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Anna Maria Garthwaite, a remarkable story about a remarkable woman
In 1728, Anna Maria Garthwaite came to London to become one of the most prodigious and talented silk designers ever. She produced over a thousand designs in a thirty five year period and showed great business skills as well prodigious creative talent.
Anna Maria came to Spitalfields with the express intention of using her artistic talents in the silk industry. She settled in an area where almost every building was related to the production of silk. She purchased a house on the corner of Wilkes St and Princelet St where she would receive clients and create her intricate floral designs. The house today looks much as it would have done when Anna Maria Garthwaite purchased it.
It is not known how she learnt the art of design but perhaps more interestingly she understood the concepts of scaling in design and the use of repeated patterns. Many of her patterns are still in existence and carry details of the design, the date and sometimes the name of the weaver employed to create the material.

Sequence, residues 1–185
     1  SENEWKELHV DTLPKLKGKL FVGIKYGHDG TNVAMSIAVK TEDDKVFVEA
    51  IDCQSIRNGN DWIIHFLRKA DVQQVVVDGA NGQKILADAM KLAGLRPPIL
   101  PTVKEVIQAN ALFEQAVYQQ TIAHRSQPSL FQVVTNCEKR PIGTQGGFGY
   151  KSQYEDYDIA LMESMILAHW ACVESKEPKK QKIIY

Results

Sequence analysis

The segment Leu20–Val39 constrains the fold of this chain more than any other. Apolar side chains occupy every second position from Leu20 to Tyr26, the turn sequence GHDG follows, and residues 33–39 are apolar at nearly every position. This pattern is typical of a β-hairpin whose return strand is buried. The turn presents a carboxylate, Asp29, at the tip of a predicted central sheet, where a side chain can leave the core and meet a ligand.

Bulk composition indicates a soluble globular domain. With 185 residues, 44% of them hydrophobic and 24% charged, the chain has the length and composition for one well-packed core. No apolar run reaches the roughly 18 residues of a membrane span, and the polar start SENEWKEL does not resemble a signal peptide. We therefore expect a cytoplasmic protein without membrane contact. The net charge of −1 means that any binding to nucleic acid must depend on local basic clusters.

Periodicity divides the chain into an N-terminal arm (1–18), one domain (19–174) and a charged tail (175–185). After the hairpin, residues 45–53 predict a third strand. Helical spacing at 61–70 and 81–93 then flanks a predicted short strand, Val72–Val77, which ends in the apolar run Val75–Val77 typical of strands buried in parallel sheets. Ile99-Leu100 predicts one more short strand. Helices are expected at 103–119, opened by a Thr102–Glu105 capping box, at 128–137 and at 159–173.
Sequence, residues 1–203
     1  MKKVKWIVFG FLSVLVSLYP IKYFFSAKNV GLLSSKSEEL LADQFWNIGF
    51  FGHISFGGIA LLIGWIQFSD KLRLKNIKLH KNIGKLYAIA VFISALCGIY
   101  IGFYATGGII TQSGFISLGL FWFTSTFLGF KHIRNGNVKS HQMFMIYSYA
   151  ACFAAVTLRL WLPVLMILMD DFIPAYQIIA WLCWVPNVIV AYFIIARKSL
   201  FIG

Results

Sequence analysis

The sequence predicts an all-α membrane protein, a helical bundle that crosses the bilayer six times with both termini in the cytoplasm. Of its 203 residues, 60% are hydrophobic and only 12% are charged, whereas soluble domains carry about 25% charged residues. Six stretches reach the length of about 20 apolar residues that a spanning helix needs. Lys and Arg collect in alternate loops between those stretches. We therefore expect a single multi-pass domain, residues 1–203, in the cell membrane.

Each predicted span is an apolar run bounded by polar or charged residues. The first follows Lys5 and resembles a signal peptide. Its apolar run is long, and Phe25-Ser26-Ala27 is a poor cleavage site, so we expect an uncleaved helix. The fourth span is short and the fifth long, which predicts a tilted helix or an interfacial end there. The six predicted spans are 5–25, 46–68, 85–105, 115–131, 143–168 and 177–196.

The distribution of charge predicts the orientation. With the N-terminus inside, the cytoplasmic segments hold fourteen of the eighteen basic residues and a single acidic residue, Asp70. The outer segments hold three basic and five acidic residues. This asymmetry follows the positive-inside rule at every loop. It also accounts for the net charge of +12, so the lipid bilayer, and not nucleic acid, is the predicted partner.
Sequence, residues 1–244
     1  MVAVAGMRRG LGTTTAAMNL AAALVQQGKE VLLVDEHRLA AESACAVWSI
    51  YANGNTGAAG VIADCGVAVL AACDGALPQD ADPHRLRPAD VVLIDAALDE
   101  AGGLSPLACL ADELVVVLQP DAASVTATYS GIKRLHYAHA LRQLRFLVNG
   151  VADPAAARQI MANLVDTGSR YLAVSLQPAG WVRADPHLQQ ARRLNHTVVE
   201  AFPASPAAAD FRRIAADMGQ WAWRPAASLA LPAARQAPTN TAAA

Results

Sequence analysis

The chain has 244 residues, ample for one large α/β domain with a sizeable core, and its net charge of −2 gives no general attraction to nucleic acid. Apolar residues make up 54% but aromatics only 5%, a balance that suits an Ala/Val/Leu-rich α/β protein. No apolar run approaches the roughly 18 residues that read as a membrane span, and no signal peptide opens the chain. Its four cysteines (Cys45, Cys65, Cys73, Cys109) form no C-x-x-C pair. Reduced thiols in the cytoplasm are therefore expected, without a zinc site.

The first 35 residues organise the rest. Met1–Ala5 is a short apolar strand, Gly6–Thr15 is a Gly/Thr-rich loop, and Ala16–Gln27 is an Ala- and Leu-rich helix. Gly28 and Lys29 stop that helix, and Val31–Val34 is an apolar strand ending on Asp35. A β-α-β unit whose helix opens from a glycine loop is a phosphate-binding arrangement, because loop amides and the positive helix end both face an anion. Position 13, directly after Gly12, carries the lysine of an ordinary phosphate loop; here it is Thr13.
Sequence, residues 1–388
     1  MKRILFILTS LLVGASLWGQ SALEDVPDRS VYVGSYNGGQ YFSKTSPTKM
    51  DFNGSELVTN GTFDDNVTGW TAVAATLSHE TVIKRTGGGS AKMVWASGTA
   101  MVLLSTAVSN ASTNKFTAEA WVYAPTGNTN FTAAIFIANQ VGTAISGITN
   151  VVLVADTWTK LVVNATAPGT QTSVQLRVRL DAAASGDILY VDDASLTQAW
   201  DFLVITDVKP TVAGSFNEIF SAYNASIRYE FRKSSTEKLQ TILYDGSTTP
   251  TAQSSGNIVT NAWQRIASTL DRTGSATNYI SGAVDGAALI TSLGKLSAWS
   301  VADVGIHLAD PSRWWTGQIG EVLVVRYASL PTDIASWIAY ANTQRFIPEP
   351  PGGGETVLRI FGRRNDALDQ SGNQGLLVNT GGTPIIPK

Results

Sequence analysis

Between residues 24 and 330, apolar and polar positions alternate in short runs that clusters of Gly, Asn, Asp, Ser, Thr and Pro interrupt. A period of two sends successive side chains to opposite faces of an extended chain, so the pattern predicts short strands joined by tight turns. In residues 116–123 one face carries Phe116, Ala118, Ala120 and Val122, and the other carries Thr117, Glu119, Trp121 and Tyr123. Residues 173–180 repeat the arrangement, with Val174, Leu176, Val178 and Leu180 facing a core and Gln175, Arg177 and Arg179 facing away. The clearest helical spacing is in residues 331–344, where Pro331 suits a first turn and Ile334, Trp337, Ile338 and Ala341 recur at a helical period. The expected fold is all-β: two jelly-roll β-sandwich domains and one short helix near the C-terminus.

Her designs were very popular in America. The American gentry were prevented from trading with France by the English Navigation Acts and so were quick to grasp the new designs out of England. The French silk industry was experiencing troubles of it’s own with resentment from silk workers towards the introduction of new looms.
There is a freshness and familiarity about her designs, her influence can be seen in the Art Nouveau period and later, in William Morris’s designs.
Find out more about Anna Maria Garthwaite
The best place to see Anna’s work is the Victoria and Albert Museum in London or read the novel ‘Figures in Silk’ by Vanora Bennett, for a colourful insight into the early silk industry in London and the part women played.